At the conclusion of "The House Lawyer Departs," its lead editorial on the subject, The New York Times says, "Mr. Gonzales, for all of his undeniable deficiencies, merely reflected the principles of this administration. His resignation is a necessary but hardly sufficient step in restoring the nation's commitment to the rule of law."
Contrast this with the words of President Bush, who -- when he went before the cameras to report Attorney General Gonzales's resignation -- said "Al Gonzales is a man of integrity, decency and principle. And I have reluctantly accepted his resignation, with great appreciation for the service that he has provided for our country....After months of unfair treatment that has created a harmful distraction at the Justice Department, Judge Gonzales decided to resign his position, and I accept his decision. It's sad that we live in a time when a talented and honorable person like Alberto Gonzales is impeded from doing important work because his good name was dragged through the mud for political reasons."
The Rule of Law vs. The Rule of Bush. It doesn't get any clearer than that, folks. President Bush's world remains untouched, unfazed, and undisturbed by the very bipartisan "mud" through which his friend's name was dragged. All that counts are Bush's feelings. Facts? Bush doesn't care about facts.
Having said this, I hope it's clear to you all that we should not really celebrate Gonzales' departure. Why? Because we are dealing with a problem far more pervasive than the work of any one man... far worse than the work, even, of a team led by Bush, Cheney, and Rice... worse, even, than the cancer on the presidency that America cured itself of over 30 years ago.
We are dealing with a systemic condition within our country. For lack of a better term (and with apologies to Walt Disney), I will call it "Living In Fantasyland".
It is a condition that exists in ways big and small throughout our society. From the Enron Fantasyland of Ken Lay...to the "dog-fighting as sport" Fantasyland of the Atlanta Falcons' Michael Vick... from the "I spent as much time as the rescue workers" Fantasyland of Rudy Giuliani... to the "I was lied to by President Bush" Fantasyland of Hillary Clinton (who chose not to read the National Intelligence Estimate on Iraq before her vote).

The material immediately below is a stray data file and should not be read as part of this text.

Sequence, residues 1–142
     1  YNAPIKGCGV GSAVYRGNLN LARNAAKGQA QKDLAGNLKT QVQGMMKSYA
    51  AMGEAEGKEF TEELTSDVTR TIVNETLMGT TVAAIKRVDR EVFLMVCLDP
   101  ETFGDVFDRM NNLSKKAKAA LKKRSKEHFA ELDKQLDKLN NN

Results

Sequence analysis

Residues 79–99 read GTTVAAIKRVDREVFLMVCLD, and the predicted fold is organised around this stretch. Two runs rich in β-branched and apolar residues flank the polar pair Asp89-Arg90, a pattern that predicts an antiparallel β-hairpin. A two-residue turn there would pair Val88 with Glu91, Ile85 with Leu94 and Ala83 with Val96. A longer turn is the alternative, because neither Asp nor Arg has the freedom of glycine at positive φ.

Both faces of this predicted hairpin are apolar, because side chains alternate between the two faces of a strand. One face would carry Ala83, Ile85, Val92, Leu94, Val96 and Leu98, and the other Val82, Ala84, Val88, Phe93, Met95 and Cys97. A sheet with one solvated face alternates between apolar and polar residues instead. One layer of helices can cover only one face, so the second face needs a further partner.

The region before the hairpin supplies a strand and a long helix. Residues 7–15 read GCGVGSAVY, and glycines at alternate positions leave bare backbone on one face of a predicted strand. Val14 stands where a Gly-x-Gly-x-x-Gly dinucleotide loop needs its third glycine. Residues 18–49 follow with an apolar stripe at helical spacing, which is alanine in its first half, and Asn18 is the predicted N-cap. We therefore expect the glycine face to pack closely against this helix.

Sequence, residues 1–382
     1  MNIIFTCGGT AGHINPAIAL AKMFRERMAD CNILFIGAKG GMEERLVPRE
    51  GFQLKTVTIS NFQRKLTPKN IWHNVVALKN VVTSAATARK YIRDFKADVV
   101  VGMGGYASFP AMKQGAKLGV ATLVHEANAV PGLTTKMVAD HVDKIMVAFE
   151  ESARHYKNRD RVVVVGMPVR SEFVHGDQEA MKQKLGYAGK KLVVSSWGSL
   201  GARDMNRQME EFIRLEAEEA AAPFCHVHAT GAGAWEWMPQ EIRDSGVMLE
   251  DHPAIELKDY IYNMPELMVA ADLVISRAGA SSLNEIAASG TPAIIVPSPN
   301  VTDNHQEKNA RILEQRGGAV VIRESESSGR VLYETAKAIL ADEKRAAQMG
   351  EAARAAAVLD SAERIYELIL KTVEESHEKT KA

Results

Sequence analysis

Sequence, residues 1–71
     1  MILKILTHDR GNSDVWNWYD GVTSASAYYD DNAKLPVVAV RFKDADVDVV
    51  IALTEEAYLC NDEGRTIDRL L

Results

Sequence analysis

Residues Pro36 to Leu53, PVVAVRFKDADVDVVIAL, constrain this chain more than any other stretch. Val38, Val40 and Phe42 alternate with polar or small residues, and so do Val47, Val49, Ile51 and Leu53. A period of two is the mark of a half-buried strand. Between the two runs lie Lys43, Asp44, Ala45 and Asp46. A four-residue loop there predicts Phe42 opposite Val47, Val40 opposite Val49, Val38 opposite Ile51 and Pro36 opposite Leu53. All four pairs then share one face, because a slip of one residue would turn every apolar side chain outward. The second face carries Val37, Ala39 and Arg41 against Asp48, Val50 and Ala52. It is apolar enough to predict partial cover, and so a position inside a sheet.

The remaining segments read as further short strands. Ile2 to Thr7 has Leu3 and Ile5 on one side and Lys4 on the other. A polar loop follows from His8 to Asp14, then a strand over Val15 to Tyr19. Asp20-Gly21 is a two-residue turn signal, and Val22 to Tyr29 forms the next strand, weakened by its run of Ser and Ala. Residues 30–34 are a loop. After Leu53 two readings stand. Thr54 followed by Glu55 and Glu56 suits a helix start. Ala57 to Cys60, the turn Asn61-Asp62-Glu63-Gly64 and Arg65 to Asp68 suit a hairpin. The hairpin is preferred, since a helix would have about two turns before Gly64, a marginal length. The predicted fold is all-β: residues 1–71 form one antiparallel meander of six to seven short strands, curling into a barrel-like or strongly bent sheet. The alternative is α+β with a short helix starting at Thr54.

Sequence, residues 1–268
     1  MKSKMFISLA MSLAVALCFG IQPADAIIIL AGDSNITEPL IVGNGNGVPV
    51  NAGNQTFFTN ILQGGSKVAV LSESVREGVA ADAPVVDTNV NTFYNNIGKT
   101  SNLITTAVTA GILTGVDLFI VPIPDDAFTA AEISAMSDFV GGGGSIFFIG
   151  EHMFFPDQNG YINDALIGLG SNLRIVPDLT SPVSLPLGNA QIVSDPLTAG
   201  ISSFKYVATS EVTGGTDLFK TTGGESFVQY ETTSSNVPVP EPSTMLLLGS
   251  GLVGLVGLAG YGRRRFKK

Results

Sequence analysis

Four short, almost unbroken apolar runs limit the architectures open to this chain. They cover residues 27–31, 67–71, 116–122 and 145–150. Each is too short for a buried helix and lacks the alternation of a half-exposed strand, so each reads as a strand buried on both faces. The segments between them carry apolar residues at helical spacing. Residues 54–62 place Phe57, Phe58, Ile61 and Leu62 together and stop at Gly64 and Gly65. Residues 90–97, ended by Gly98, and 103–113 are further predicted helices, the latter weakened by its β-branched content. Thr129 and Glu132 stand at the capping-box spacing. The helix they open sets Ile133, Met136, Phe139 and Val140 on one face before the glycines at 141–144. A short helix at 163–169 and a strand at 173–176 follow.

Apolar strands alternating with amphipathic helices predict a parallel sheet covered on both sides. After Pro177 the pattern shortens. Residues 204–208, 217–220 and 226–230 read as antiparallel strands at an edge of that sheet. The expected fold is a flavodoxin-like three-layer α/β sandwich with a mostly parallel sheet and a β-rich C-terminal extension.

People we want to trust -- with our money, our cheers, the future of our country -- are just making stuff up as they go along. Facts? They don't care about facts!
As I said, the cancer on the presidency of Richard Nixon was of limited scope. We were able to contain and eliminate it. And the 93rd Congress -- contrary to popular opinion -- actually got a lot done while it conducted Nixon's impeachment hearings.
But a lot has happened to the American psyche since the 1970s. The "Greed is good" me generation of the 1980s (and the updated version brought to us by the current Bush administration and today's Wall Street) along with the pervasive "you create your own reality" transformational technology personal development trainings (such as est and Landmark Education created by Werner Erhard) launched in the early 1970s are just two of the major cultural trends steering America towards a "You can have it your way no matter what the existing reality tells you is possible" mental belief system.
We know this is how George Bush and his team think, from Ron Suskind's amazing Octboer 17, 2004 article in The New York Times. But what not enough of us seem to realize is that this is a society-wide disease. Al Gore knows the magnitude of this problem. It's the subject of his book The Assault on Reason.
So, what to do? How can truth and facts defend themselves in the face of this very virulent disease? Well, here's my suggestion:
Truth and facts can become known for being about more than what the real bad stuff is. Truth and facts can become know for showing us -- all of us -- the real... honest to God... exciting and adventurous road forward. If I told you that the true nature of what's possible is quite literally "Heaven on Earth," that would get your attention... wouldn't it?
Yes, there are truths and facts about Ken Lay's business dealings, Michael Vicks' leisure activities, and Rudy and Hillary's post-9/11 political calculations. But there are also truths and facts about how much better our world could be, especially if the majority of Americans were to learn what certain research scientists and international development theorists know. And what is there that we all could learn from them?
That it is now scientifically possible to build -- with the support of enlightened business and political leadership, of course -- a world beyond war in our lifetimes!
Now that's something that no pack of lies can give us, no matter how well packaged they are. A world beyond war in our lifetimes can only be the product of the truth.
This brave new world -- if we choose to build it -- will be built on the facts, research, and hard won wisdom of those on the front lines of the sustainable international development movement. For proof that these facts exist, I invite you to explore the work of Amory Lovins, Bill McDonough and Michael Braungart, Business for Social Responsibility, The UN Global Compact, and The Next Great Transformation conference taking place at The Eden Project in October.
There's more to truth and facts than most people know. It can be a great world in which to spend your time... and it's no Fantasyland, either!